New York's health agency is walking back a recent statement by the state's top health official, who had cast doubt on reports from nurses about dire shortages of protective gear at the height of the COVID-19 pandemic in late March and early April.
State health commissioner Howard Zucker said this week that he spoke to hospital administrators, nurses and physicians amid the pandemic, and said he was told "they have the PPE," referring to personal protective equipment.
"Just because something is reported doesn't mean those are the facts of what is actually happening," Zucker said at a Wednesday legislative hearing.
"I can tell you that in those conversations with those physicians and those nurses, they said: 'We have the PPE,' " Zucker said. " 'That is, if there was a problem, they should come back to us. We make sure that it's available.' "
But health department spokesperson Jill Montag said in a statement Thursday that state health officials had indeed heard reports from nurses demanding more or better protective gear. And New York is now requiring hospitals—that are offering elective surgeries again—to have a 90-day supply of protective gear on hand, while Gov. Andrew Cuomo has called for local supply chains so New York doesn't have to rely on out-of-state sources again.
"When we heard from nurses on the ground that they needed more or better PPE, we immediately started daily conversations with union representatives, tightened protocols and treated the situation with the urgency it deserved to help ensure our front-line responders had necessary PPE," Montag said.
Montag said new regulations and local supply chains would "prevent this from ever happening again."
Still, Zucker's comments drew criticism from several lawmakers and union representatives, who criticized shifting and inadequate federal and state emergency guidelines amid the pandemic.
Observers questioned whether Cuomo's administration is doing enough to ensure healthcare workers have access to enough and adequate gear in case of another wave.
"Many hospitals instituted policies that were worse than the guidelines and nurses were forced to provide care with a surgical mask or use N95 masks for as long as a week," Pat Kane, executive director of the statewide nurses association, which has sued in New York over a lack of protective gear amid the pandemic, said during a Thursday legislative hearing.
Kane said hospital management at times resorted "to unproven methods to sterilize N95 masks."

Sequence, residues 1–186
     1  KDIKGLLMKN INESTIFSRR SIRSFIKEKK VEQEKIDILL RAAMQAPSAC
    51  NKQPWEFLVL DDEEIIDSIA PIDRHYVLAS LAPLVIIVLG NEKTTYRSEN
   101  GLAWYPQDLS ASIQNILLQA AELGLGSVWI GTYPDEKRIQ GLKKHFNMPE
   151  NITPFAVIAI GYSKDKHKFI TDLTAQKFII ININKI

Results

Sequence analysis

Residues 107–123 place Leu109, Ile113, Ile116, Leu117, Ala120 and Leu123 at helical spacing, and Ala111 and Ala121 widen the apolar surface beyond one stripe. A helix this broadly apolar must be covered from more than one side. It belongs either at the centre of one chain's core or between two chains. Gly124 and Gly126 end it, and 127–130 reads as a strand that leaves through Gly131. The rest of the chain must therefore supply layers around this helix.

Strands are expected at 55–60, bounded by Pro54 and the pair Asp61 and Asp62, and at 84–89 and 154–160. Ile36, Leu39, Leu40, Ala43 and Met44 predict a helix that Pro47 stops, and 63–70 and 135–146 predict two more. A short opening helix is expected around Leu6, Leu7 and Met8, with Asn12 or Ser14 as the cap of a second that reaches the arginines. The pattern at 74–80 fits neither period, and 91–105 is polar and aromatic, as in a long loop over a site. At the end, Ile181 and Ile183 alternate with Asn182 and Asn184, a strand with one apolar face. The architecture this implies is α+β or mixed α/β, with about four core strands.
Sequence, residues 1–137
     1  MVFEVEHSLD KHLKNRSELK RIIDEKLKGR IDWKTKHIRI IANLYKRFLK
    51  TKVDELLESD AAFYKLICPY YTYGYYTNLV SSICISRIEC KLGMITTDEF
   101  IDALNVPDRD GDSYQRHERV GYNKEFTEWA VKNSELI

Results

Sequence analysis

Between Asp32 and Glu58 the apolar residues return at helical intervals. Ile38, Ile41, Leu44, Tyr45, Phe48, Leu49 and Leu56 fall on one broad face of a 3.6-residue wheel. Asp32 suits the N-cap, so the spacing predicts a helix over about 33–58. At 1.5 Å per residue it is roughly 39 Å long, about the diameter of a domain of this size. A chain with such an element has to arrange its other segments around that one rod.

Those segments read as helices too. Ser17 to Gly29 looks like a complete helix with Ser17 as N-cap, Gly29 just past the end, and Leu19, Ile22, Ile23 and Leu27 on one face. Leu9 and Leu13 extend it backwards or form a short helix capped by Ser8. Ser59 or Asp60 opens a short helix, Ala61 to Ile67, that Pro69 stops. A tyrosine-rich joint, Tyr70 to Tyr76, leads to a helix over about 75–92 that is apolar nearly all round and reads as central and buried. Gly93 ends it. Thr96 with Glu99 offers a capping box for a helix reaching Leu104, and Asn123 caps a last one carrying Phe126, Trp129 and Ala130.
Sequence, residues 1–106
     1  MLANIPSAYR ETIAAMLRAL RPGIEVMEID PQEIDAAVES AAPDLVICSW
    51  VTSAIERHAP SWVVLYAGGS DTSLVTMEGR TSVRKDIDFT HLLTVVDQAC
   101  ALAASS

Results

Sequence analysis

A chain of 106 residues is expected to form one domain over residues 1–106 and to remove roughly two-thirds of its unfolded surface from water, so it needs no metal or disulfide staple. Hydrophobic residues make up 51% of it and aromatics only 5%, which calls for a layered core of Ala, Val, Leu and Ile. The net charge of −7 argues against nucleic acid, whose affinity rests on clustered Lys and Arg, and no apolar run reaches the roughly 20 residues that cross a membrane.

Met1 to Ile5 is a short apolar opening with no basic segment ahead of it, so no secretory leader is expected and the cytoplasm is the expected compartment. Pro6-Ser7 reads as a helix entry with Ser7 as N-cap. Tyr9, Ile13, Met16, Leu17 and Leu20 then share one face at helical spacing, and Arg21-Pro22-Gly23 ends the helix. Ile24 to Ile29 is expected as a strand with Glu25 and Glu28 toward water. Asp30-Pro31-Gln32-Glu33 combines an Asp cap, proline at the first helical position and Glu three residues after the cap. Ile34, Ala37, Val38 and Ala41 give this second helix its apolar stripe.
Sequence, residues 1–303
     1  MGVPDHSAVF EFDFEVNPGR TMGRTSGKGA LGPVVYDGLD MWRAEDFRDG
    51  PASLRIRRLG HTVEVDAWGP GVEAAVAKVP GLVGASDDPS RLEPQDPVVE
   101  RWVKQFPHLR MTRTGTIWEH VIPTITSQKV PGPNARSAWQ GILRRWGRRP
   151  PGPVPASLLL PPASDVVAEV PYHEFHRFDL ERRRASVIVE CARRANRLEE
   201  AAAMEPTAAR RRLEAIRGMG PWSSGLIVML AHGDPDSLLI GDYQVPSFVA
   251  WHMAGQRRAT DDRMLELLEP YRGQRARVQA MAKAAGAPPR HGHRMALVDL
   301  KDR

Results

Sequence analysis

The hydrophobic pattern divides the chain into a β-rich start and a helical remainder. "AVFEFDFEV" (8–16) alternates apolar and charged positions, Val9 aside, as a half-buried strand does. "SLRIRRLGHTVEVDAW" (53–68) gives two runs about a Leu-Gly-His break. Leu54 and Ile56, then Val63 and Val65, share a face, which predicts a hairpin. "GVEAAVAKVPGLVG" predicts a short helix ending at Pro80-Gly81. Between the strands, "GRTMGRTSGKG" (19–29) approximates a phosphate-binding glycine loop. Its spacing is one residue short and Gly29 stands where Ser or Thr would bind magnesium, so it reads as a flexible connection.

In an April 2 advisory about how healthcare facilities should handle supply shortages, state infectious disease officials said hospitals were resorting to "dubious means" like washing masks in a dishwasher.
"We know nurses worked in dangerous conditions without adequate personal protection equipment," Kane said.
Kane called for stronger infection protocols for treating COVID-19 as an airborne disease, a move toward reusable protective gear and more coordinated distribution of protective gear to hospitals and others in need.
New York State Public Employees Federation President Wayne Spence called on Cuomo's administration to clarify whether new 90-day supply requirements are based on how much gear hospitals went through during the pandemic, or manufacturer guidance for single-use N-95 masks.
"There's a host of things that we need to have conversations about," Spence said. "About what went wrong and should be addressed should another pandemic come about."
Zucker's comments on Wednesday came in response to a question from State Assemblyman Dan Quart, a Democrat who noted a "disconnect" between hospital administrators and nurses who said they lacked masks on the nightly news.
State Sen. Pamela Helming told Zucker she tried to help hospitals herself.
"I am telling you that I have heard from hospitals, despite what you've heard, and I've sent letters as late as mid-May requesting PPE for these hospitals—gowns, masks and more," said Helming, a Republican. "And it didn't happen. It didn't happen."
Zucker said the state eventually provided 24 million pieces of equipment to hospitals and nursing homes. But his agency has repeatedly failed to answer The Associated Press' questions about how much hard-to-obtain gear was provided in the early weeks of the pandemic to nursing homes and hospitals that ultimately competed for equipment with each other, the state and the federal government.
Zucker repeatedly assured the public that New York had enough stockpiles of medical supplies at multiple public appearances from mid-January through February—even as the virus began to overwhelm other countries and demand for gear threatened international supply chains.
At a Feb. 6 meeting of the state's public health and planning council, Zucker said New York could tap into "an incredible stockpile" that the commissioner already toured.
"The bottom line is we are very well prepared for this response," Zucker said.
An AP review of state expenditure reports shows Zucker's agency only began spending far above average on medical supplies by March 19, when spending jumped from $1.6 million to $9 million.
As the state scrambled for protective gear and ventilators amid catastrophic projections of patients flooding hospitals, spending reached $42 million on March 20, $440 million on April 1 and roughly $800 million by May 15.